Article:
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Carter v. State

Court of Appeals of Indiana

March 10, 2014

JERIMAINE CARTER, Appellant-Defendant,
v.
STATE OF INDIANA, Appellee-Plaintiff

Editorial Note:

These opinions are not precedents and cannot be cited or relied upon unless used when establishing res judicata or collateral estoppel or in actions between the same party. Indiana Rules of Appellate Procedure 65(D).

APPEAL FROM THE MARION SUPERIOR COURT. The Honorable Sheila A. Carlisle, Judge, The Honorable David M. Seiter, Commissioner. Cause No. 49G03-1205-FA-28286.

ATTORNEY FOR APPELLANT: VICTORIA L. BAILEY, Marion County Public Defender Agency, Indianapolis, Indiana.

ATTORNEYS FOR APPELLEE: GREGORY F. ZOELLER, Attorney General of Indiana, MICHAEL GENE WORDEN, Deputy Attorney General, Indianapolis, Indiana.

BROWN, Judge. ROBB, J., and BARNES, J., concur.

MEMORANDUM DECISION - NOT FOR PUBLICATION

BROWN, Judge

Jerimaine Carter appeals his sentence for attempted murder. Carter raises one issue which we revise and restate as whether the trial court abused its discretion in sentencing him. We affirm.

FACTS AND PROCEDURAL HISTORY

During the evening hours of April 17, 2012, Indianapolis Metropolitan Police Officer Jeffrey Newlin heard a radio report of a person with a gun and headed toward the location of Officer Daniel Huber. While en route, Officer Newlin observed a person later identified as Carter, who was wearing dark clothes and a black White Sox hat, walking westbound " very frantically, very fast-paced . . . and . . . turning around, looking behind him like -- it was just extremely odd." Transcript at 44. Officer Newlin continued to Officer Huber's location, and Officer Huber gave Officer Newlin a description of the person with a gun that matched the description of Carter.

Officer Newlin then searched for Carter and parked his vehicle ten to fifteen yards behind him. Officer Newlin turned on his overhead lights, and Carter immediately turned around and began walking toward Officer Newlin with his hands in his pockets. Officer Newlin opened his door, stood behind the door, and told Carter to take his hands out of his pockets. After three or four times verbal commands Carter removed his hands from his pockets. Once Officer Newlin saw that Carter did not have anything in his hands, he came out from behind his door. Carter then started moving his hands and said: " You got the wrong guy. I didn't do anything." Id. at 52. Officer Newlin talked to Carter and tried to calm him down. Officer Newlin then asked him to put his hands on top of his head to check him for weapons. Carter put his right hand to the top of his head, and when Officer Newlin grabbed his right wrist and went to grab his left wrist, Carter started jerking away and pulling away from Officer Newlin. Carter put his right hand in his pocket, and Officer Newlin pushed him away, drew his weapon, started backing up, and told Carter to remove his hands from his pockets. Carter pulled a semi-automatic handgun out of his pocket and shot twice when he was four to six feet away from Officer Newlin. Officer Newlin returned fire three times, continued to back up, and fell down after his left foot caught " a lip of the grass." Id. at 57. Carter, who was six to eight feet away, looked at his gun, worked the slide, pulled the trigger, pointed the gun at Officer Newlin, and attempted to fire the gun. Officer Newlin then fired his gun three more times, and Carter turned around and ran westbound.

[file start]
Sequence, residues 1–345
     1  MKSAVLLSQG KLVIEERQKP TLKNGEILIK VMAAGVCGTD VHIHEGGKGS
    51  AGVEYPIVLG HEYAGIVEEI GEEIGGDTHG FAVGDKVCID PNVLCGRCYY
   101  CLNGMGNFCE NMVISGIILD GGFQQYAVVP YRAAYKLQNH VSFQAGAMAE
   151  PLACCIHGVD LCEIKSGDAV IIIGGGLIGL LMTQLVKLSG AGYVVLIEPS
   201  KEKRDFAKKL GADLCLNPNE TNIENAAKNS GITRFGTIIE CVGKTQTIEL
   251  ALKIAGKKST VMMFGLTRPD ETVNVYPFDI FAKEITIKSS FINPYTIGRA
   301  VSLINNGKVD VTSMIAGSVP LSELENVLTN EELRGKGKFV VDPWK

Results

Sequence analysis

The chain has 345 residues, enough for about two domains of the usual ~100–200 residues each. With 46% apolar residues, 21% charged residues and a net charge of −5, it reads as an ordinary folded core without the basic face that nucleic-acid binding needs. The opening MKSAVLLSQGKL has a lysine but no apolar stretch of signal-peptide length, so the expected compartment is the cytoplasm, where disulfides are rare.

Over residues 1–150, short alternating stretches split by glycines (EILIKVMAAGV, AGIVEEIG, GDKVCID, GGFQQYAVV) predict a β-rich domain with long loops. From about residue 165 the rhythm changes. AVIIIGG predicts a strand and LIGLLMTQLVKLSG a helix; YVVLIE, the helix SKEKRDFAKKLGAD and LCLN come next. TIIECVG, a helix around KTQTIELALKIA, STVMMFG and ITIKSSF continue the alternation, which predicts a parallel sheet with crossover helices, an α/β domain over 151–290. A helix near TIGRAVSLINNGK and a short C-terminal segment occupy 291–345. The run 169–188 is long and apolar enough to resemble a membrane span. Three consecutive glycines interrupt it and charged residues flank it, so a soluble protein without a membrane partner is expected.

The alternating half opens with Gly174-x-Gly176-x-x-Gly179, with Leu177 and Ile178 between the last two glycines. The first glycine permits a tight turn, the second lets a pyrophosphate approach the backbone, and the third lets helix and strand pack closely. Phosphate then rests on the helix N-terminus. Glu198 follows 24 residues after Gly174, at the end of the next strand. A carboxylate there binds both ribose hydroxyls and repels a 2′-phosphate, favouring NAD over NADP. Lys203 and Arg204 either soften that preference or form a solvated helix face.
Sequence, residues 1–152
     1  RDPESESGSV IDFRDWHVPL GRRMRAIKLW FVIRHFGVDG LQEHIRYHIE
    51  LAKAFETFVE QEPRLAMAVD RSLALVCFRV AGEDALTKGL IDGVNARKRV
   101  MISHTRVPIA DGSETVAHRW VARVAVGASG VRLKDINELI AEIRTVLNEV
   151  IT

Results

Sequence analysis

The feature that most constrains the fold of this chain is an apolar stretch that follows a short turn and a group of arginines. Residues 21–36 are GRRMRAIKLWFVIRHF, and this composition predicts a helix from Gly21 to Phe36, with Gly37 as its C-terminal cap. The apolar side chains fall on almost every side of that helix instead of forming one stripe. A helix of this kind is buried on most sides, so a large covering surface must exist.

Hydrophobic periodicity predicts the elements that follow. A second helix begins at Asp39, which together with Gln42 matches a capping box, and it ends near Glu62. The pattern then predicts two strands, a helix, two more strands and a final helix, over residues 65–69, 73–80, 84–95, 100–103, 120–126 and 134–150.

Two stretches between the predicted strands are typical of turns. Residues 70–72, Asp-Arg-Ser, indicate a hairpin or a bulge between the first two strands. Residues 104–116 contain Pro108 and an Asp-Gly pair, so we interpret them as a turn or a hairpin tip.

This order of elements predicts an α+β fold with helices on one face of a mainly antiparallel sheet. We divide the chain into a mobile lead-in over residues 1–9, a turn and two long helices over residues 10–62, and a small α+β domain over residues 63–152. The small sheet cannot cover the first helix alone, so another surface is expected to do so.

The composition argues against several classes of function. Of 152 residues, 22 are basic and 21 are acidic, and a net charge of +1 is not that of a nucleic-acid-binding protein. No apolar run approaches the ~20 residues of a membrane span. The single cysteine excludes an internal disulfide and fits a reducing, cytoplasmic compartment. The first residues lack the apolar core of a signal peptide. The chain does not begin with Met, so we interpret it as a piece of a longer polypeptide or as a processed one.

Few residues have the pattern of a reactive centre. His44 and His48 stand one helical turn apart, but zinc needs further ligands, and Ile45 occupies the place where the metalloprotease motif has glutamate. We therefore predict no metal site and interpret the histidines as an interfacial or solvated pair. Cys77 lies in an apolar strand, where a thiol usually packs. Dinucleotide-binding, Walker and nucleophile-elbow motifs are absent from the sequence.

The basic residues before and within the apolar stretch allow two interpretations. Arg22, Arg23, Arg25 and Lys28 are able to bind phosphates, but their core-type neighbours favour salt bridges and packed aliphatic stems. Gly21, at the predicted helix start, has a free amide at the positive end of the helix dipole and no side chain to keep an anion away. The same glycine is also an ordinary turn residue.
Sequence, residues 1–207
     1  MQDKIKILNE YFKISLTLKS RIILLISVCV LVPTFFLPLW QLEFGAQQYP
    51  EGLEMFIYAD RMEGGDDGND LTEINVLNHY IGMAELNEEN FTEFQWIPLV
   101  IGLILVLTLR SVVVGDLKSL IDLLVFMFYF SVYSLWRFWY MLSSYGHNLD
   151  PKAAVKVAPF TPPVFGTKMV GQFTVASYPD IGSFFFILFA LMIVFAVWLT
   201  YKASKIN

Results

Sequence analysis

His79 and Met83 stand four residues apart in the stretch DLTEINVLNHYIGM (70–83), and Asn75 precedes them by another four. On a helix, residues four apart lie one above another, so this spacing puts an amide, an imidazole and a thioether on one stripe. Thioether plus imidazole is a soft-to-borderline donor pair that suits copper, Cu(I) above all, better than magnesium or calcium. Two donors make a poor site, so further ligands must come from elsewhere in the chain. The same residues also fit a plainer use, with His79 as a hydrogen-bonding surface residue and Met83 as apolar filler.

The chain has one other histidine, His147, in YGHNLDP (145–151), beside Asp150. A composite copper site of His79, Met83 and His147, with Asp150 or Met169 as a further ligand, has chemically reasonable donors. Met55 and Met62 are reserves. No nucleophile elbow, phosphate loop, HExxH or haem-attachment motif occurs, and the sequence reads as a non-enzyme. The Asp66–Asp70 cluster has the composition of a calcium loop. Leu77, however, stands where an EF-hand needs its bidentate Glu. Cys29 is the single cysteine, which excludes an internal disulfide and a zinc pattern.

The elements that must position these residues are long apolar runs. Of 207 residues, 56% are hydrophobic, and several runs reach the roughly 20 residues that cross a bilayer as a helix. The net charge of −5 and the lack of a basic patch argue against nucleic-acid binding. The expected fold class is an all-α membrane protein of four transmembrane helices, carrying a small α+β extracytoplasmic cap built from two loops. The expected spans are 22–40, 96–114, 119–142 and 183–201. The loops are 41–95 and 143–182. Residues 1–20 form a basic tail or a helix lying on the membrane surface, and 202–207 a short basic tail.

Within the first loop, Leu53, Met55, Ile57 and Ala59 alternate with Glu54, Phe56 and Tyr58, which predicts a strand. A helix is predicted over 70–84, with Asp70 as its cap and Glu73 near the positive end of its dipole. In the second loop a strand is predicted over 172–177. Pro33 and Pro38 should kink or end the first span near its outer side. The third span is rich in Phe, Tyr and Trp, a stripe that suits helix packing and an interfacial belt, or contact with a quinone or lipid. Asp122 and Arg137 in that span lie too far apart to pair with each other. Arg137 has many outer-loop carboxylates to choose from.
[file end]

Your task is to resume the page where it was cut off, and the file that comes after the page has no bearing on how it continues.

Officer Newlin jumped up, pursued Carter, and radioed Carter's description and location. Officer Newlin yelled " Stop. Police. Stop. Police." Id. at 61. Officer Newlin eventually closed in on him, and Carter looked back at Officer Newlin, pointed his gun, and pulled the trigger. Officer Newlin fired two more shots at him. Carter kept running, and Officer Newlin met Officer Gregory Shue and Sergeant Brian Clark. Carter raised his arm and tried to pull the trigger, and the police eventually shot and captured him following the foot pursuit.

On May 1, 2012, the State charged Carter with Count I, attempted murder as a class A felony; Count II, resisting law enforcement as a class D felony; and Count III, carrying a handgun without a license as a class A misdemeanor. On October 17, 2012, Carter filed a notice of insanity defense and motion for psychiatric examination to determine sanity and competence to stand trial. One of the reports indicated that Carter presented with symptoms consistent with schizoaffective disorder but found he had the comprehension to understand the legal proceedings and capacity to assist in his defense. On January 3, 2013, the court entered an Order on Finding of Competency which stated that two disinterested psychiatrists/psychologists found him competent to stand trial.

On January 4, 2013, Carter filed a notice of self-defense. The jury found him guilty of attempted murder as a class A felony, guilty but mentally ill of resisting law enforcement as a class D felony, and guilty of ...


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